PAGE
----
June 13, 2017

Atlantik-Brücke Think Tank: The End of the Affair?

The Atlantik-Brücke think tank has for decades influenced key appointments in US-German relations. But are Donald Trump and his America First policies now killing it off?

ByGregor Peter Schmitz

Published on07. June 2017, 15:00

The strong Merkel-Obama relationship was one of many between US and German leaders. Source: Picture Alliance/AP

When the Atlantik-Brücke recently held its annual meeting in Berlin, business was not as usual.

The usual high-profile attendees, hand-picked by the elite think tank founded in 1952 to promote German-American relations, were present, and Germany’s foreign minister gave the opening remarks. But the usual topics of improving free trade and developing bilateral projects seemed to be off the agenda.

Instead, discussions among participants revolved around a more fundamental topic: what does it actually mean to be an atlanticist in the days of President Donald Trump? Even more to the point, does anyone in Germany still want to be one? Reactions to these questions range from surprise to disbelief.

A beacon of Germany’s friendship with the United States, the Atlantik-Brücke has long fostered closer ties between the two countries. Current members include Henry Kissinger and German chancellor Angela Merkel, and its “young leaders” program, which talent spots from both sides of the pond and most sides of the political spectrum, has alumni including US senator Charles Schumer, German Interior Minister Thomas de Maizière and Airbus chief Thomas Enders.

For the titans of the German economy, membership in the club has been more than just an honor; it’s been a smart investment. This has long rung true for both sides of industry – from bankers to union heads. It’s a motley crew united by one seemingly unwavering idea: love for America.

“We Europeans must look out for our own interests, even, if necessary, against the Americans.”

Friedrich Merz, president, Atlantik-Brücke

This idea, however, is beginning to waver, as exemplified by Ms. Merkel’s recent statement that “the times in which we could rely on others are largely over,” a thinly veiled comment on the new US-German relationship. The remark was met with a Twitter rebuke from Mr. Trump focusing on Germany’s paltry defense spending and its far-too-robust and even “unfair” trade surplus.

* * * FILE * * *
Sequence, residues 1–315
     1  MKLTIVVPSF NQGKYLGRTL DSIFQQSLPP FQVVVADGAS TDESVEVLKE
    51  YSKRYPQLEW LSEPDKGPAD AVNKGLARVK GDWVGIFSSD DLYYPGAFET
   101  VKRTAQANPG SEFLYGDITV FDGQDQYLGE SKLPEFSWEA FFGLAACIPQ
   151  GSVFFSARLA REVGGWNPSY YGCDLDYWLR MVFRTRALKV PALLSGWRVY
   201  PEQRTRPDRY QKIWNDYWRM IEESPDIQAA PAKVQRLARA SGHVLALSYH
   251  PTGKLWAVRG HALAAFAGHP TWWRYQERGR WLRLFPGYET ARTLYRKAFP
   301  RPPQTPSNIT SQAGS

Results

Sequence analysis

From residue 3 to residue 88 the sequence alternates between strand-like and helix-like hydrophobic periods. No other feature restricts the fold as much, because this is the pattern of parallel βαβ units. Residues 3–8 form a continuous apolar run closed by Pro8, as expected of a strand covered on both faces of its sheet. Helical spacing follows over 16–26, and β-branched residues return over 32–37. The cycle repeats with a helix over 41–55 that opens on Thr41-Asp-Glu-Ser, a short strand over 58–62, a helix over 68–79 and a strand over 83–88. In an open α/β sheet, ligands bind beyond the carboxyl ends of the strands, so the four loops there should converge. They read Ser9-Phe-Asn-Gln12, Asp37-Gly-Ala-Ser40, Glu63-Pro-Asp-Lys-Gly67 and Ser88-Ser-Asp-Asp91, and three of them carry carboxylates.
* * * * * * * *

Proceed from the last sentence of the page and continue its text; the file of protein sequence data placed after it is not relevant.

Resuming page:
This marks a serious turning point in the trans-Atlantic relationship and a rift far greater than the falling out between former Chancellor Gerhard Schröder and former President George W. Bush over the Iraq War. The spat, driven by Mr. Trump, has shaken the foundations of the Atlantik-Brücke and has left Germany’s America enthusiasts feeling like jilted lovers.

This could have some serious consequences. Critics have long been skeptical of the think tank’s leadership and network, largely thanks to former president Walther Leisler Kiep’s involvement in a corruption scandal that engulfed the ruling Christian Democrats in the 1990s. His successor, Friedrich Merz, proceeded to clean up the think tank’s activities and its public image. During the very public fall out between Mr. Schröder and Mr. Bush in 2003, the group took out a full-page advertisement in the New York Times highlighting and encouraging close ties despite the disagreement. It attracted a lot of interest.

The group’s members know that good relations between the countries are always good for the bottom line. For example, Mr. Merz, once one of the Christian Democrats’ bright stars, is now paid as chairman of the advisory board for investor BlackRock’s German subsidiary.

But this week, he threw his weight behind Ms. Merkel. “Europe needs to grow up and come up with an independent foreign policy and security policy,” he said. The US would remain an important strategic partner for Germany, he went on, “but we Europeans must look out for our own interests, even, if necessary, against the Americans.”

Against America? That sounds like a completely fresh narrative. But it’s one echoed by David Deissner, managing director of the Atlantik-Brücke. Mr. Trump, of course, is not America. It is possible, according to Mr. Deissner, that Mr. Trump’s America could become a different country than the one we Germans have come to know.

That very idea could shake the think tank’s networking initiatives to the core. Traditionally, it has been influential in the appointment of important transatlantic posts. But the problem now is that it has few links with the Trump administration, and potential candidates in Atlantic-Brücke’s network aren’t being considered for jobs. They’re viewed with suspicion because they’re won’t submit to Mr. Trump’s “America first” pledges.

Although anti-Trump sentiment was in evidence at the annual meeting, the idea that eight years of Mr. Trump might lead to the destruction of the “Atlantik-Brücke” network is unlikely. There’s still a lot of support for the think tank’s core ideas, according to Mr. Deissner.

In the meantime, Mr. Metz’s thoughts about political power, four years of Mr. Trump and political power in the US might be reassuring to members: “We should remain calm and be self-confident. We should speak with the entire administration and observe developments in the political debates in America. The 50 state governors are also really important dialog partners.”

The way forward for the Atlantik-Brücke might involve a temporary detour around Washington to the more German-friendly parts of America.


This article originally appeared in the business magazine WirtschaftsWoche. To contact the author:gregorpeter.schmitz@wiwo.de

No comments: